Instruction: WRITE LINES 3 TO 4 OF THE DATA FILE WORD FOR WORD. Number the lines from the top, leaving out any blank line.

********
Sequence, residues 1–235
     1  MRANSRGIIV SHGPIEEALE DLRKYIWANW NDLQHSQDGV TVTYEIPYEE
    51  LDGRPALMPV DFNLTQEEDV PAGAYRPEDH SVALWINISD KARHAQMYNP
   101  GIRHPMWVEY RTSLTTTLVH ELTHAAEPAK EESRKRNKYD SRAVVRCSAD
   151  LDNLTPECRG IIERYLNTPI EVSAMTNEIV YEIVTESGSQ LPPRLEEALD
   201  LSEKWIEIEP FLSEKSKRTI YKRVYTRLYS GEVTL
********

    51  LDGRPALMPV DFNLTQEEDV PAGAYRPEDH SVALWINISD KARHAQMYNP
   101  GIRHPMWVEY RTSLTTTLVH ELTHAAEPAK EESRKRNKYD SRAVVRCSAD